when a scary painting becomes a madeleine...
i was looking at greg.org last night, and he has a really interesting post on a 1958 fire at moma. no, i don't remember the fire... i wasn't born yet... but somewhere in the middle of the post was the image pictured above of pawel tchelitchew's 1942 painting hide and seek. i remember tchelitchew having a presence in the joseph cornell biography "utopia parkway", but more than that, i instantly remembered that my mom had a pretty large reproduction of this painting hanging in our living room when i was a very young child.
greg's blog story mentions that the painting has always been one of moma's most popular, particularly with kids; which i find hard to believe, because it scared the hell out of me as a child. while most people seem to enjoy finding the children in the landscape, i always saw the vines and branches that made up their faces and bodies as veins, so the kids always looked to me like they were skinless ghosts. they also seemed to be screaming, or crying or dead; as well as being left alone to wander eternally in a forest.
i do remember staring at it a lot (it faced our dining table), but i don't remember it as something fascinating, as much as i remember it being very disturbing and creepy, and the notion of zillions of reproductions in zillions of homes seems pretty darn strange to me. what is interesting is how discovering the image again has suddenly started to reveal in my mind's eye the entire room that surrounded the painting, much of which i hadn't thought about or "seen" in 25 years or so.
hide and seek was rather large, but it was hung on a wall that was salon style and i remember now a number of other things that were on that wall, some victorian mirrors and a very large skinny vertical painting in dark greys and browns of a woman's face in a sort of christy-girl kind of style, but with a lot of textured paint (i remember running my hands over the surface of this painting a lot). strangely, that painting was just about the exact size of a painting in my upcoming show that was based on my own dimensions.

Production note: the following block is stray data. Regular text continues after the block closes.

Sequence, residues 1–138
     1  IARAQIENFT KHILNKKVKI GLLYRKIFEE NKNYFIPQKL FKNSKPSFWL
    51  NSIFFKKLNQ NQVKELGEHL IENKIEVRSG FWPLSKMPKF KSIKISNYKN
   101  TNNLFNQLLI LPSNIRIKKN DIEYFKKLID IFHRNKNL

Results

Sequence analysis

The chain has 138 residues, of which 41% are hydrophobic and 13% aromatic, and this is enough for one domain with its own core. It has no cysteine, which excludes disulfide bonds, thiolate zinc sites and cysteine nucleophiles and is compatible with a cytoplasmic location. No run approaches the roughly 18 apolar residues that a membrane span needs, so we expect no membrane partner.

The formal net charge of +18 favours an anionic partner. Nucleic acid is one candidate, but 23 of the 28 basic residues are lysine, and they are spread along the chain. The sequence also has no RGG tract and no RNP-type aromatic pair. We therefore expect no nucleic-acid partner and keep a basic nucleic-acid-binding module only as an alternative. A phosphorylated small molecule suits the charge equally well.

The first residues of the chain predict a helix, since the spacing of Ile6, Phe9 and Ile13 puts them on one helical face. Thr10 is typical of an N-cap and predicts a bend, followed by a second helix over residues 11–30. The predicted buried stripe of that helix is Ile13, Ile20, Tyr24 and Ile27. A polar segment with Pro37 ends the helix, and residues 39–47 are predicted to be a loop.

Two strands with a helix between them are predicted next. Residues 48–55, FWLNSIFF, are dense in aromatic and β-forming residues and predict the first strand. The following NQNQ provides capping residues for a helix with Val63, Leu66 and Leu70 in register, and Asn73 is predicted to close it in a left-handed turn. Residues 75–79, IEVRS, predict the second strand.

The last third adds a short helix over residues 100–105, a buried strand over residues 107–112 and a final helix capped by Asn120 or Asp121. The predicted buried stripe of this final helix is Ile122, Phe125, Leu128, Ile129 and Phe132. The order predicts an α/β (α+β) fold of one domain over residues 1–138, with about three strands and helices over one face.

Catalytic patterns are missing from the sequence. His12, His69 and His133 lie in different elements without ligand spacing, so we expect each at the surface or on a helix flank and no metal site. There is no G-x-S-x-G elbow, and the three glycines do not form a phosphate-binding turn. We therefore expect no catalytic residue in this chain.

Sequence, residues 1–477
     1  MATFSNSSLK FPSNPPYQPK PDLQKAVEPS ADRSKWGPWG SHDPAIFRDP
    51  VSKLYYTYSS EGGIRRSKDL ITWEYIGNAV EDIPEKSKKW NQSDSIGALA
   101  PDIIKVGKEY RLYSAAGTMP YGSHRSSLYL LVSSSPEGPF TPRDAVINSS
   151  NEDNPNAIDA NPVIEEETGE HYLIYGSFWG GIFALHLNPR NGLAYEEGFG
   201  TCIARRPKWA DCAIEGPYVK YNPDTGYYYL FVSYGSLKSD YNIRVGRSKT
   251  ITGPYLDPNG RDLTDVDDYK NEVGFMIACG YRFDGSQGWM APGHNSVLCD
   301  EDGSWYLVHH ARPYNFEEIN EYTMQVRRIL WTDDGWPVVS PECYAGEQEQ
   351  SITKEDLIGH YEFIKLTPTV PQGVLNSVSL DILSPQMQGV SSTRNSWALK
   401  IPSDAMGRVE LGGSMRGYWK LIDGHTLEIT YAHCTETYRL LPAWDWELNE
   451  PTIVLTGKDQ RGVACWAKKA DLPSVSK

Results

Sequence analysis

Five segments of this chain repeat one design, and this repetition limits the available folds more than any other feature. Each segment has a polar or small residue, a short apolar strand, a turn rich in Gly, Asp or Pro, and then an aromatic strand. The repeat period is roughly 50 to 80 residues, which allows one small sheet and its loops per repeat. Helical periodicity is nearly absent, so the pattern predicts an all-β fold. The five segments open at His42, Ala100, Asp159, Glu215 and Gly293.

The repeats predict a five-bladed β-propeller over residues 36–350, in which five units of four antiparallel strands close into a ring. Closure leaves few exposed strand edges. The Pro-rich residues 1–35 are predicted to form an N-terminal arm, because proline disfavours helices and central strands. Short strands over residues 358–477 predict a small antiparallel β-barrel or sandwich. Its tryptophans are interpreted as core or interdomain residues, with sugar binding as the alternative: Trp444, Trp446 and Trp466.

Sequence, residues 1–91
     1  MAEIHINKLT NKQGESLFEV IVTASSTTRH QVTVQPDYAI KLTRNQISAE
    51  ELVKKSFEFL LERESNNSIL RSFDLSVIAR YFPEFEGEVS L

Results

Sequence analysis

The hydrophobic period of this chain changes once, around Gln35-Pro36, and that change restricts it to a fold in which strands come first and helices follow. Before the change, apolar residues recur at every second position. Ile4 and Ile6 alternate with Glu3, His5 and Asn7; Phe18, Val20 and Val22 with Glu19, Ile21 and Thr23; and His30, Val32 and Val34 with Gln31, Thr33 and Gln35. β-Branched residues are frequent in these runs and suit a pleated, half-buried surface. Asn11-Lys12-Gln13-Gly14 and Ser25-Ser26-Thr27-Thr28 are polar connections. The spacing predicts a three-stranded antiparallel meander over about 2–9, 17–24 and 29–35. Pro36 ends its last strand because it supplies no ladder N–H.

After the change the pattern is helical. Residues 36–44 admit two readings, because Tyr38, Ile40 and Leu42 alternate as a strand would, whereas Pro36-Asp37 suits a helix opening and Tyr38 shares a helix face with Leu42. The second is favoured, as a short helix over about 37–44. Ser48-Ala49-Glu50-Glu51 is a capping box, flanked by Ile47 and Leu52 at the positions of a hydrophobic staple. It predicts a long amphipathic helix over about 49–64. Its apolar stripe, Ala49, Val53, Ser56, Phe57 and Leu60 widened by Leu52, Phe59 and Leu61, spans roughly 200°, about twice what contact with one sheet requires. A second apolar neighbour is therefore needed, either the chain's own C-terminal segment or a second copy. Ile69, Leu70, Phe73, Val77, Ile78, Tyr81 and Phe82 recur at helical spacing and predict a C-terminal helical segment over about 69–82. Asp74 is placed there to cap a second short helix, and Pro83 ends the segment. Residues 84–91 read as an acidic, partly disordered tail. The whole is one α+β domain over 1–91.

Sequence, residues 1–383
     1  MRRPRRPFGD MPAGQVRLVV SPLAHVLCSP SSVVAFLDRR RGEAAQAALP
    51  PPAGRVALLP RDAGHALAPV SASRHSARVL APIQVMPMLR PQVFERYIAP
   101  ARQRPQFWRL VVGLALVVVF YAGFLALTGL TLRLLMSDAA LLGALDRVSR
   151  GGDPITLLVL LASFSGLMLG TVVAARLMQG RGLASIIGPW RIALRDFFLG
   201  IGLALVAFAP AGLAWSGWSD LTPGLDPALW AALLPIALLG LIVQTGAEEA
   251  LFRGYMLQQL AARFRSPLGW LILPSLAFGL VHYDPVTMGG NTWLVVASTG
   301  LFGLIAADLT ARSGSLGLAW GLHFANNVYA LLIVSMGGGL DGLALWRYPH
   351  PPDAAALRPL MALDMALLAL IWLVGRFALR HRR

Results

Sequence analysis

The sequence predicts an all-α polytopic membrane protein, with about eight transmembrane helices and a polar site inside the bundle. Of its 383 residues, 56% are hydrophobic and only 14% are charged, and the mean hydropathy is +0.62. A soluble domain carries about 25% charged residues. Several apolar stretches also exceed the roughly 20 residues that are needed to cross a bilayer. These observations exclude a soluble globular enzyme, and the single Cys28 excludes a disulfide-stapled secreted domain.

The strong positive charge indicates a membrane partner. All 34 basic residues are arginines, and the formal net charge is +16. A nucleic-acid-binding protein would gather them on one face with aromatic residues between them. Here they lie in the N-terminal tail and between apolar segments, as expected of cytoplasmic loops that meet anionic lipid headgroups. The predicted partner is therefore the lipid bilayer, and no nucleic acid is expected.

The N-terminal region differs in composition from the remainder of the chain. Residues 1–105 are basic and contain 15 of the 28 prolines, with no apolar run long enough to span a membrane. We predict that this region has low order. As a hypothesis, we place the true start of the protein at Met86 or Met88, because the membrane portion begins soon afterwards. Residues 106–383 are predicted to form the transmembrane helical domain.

as i got a little older, the creepiness of hide and seek evolved into more of a kind of trippiness, feeling more like a virtuosic high-school stoner notebook drawing. i certainly remember staring at it a lot more at that time, but as a suddenly angst-ridden teenager, the painting felt even darker.
so, of course, it's interesting to me that tchelitchew's painting was so popular - particularly as it was painted around the start of WWII - because the image seems suggest to me a field of orphans or lost spirits... there's so much ghostliness to its mood, and emotionally i think along with the creepiness, it always felt like an incredibly sad painting to me.
looking at the image this morning, i think it would make a perfect cover for agota kristof's book "the notebook", which tells the story of two boys during WWII. it's an uber creepy tale of darkness, that has a kind of detached emotional quality, that feels similar to tchelitchew's painting... here is some of the description of the story from amazon:
"With icy dispassion, Kristof, herself a refugee of war, spins a modern-day fable set in Eastern Europe during WW II. It records, in the form of a notebook written by two small boys, the nightmarish ordeal of twins brought by their mother from the bomb-spattered Big Town to their grandmother's home in Little Town. Grandmother, whom they call the Witch, harbors the boys only because they may prove useful. But they are wilier than she, spying on her through holes in the floor of the attic she can no longer reach, deliberately wounding each other to inure themselves to pain, learning the language of the occupying forces. The officer who has commandeered a room in the house takes them to bed, first making them beat him until the blood runs... They boggle at nothing: not theft, sodomy or murder, which last, when necessary, they manage with insouciance, having become a pair of soulless charmers, unflinching proof that monsters are not born but made. They are truly spoiled by war and their terrible, unforgettable history tells in microcosm the tale of a whole people warped and destroyed..."